The detached tone Shobasakthi at times assumes, with the innocuously inserted “asides” (such as footnotes whenever a new character is introduced) have an overwhelming effect for several reasons. Primarily, the flat, distancing, even cynical delivery tends to “objectify” the narrative from being identified as being too close to one side or another. The footnotes are even more intriguing for they bring forth the utter waste of human lives lost and carnage sustained when things are duly set in a larger historical frame. Consider the following citations at random, as they relate to both major and marginal characters in the text:
|Character Name||Major / Minor Status||Description on Footnote|
|William Manuel Jesurasan (Gorilla)||Major||1944-1996: While travelling with a boatload of refugees on the Mannar sea to Mandappam, south India, he was shot to death by the Sri Lankan navy|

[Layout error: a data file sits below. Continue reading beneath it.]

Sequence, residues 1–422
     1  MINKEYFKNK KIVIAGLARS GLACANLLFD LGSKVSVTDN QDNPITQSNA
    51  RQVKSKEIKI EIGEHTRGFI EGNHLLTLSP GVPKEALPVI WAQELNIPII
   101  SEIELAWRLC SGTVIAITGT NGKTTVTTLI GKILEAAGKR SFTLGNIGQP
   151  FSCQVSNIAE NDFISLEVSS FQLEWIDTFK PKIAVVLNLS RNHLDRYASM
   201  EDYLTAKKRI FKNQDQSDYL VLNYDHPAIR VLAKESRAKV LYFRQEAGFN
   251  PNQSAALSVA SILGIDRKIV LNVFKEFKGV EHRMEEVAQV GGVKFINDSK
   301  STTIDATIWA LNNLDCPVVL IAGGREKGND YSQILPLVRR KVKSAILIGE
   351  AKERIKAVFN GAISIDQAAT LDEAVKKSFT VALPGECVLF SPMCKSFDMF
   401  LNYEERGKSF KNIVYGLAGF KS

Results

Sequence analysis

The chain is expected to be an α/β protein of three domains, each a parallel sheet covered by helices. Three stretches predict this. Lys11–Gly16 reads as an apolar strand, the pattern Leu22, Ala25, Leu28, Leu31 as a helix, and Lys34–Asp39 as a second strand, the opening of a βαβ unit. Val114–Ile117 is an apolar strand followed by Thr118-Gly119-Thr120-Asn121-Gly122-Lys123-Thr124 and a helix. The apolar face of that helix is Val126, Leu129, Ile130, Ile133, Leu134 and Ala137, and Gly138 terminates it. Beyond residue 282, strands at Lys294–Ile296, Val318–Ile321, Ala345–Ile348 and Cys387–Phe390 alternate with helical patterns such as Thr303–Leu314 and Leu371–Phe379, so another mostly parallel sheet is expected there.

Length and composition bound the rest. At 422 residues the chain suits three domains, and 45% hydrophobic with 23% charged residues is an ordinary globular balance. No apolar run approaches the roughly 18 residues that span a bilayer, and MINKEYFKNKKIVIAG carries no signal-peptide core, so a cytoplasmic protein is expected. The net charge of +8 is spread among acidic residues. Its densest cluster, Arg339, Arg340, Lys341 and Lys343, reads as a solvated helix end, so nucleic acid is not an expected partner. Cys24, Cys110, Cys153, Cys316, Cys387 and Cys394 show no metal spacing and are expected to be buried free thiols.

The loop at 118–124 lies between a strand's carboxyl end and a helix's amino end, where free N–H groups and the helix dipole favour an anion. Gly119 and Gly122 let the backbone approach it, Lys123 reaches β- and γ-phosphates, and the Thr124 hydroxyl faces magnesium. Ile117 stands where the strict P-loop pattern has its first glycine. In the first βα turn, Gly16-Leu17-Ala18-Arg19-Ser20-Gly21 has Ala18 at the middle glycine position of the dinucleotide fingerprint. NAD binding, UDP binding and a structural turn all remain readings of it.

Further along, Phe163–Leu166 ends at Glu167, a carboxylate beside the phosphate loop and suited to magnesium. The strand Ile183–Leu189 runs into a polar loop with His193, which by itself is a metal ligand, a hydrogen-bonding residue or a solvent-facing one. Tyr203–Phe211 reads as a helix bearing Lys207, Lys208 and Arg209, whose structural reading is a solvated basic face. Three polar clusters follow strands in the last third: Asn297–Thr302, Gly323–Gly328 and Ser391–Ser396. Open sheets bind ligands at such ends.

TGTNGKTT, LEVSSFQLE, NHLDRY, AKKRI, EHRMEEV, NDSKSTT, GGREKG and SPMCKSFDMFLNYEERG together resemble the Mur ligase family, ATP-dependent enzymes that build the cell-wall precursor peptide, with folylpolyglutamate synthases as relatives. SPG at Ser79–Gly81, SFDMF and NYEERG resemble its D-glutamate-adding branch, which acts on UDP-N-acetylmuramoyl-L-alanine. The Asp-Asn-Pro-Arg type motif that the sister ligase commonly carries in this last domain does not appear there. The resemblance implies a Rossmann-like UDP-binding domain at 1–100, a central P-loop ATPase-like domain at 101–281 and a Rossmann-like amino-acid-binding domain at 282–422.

|Gnanaprakasam Goncelas Jesurasan||Minor||1933-1984: was killed by two armed youth in his home in Annaikottai.|
|Genoa Rajeswari||Major||1949-1990: During the early days of the second Eelam War, she was killed by the army as it was moving along the greater North Road to rescue the soldiers who had been surrounded by the Tigers in the Dutch fort in Jaffna…|
|Sundaram Sabarathnam||Mentioned in Passing||Alias Periya Sri. On 06.05.1986 was killed by the Tigers in the village of Kondaville Jaffna.|
|Jesurasan Princie Nirmala||Minor||1974-1990: Died in the last suicide attack of the Tigers against the Indian Peace Keeping Forces, a bomb tied to her breasts.|
|Ravi Sinaandy Thiruketheeswaran||Minor||1970-1990: Stabbed to death in a London theater hall by three young Tamil men over internal disagreements amongst the British diasporic Tamils.|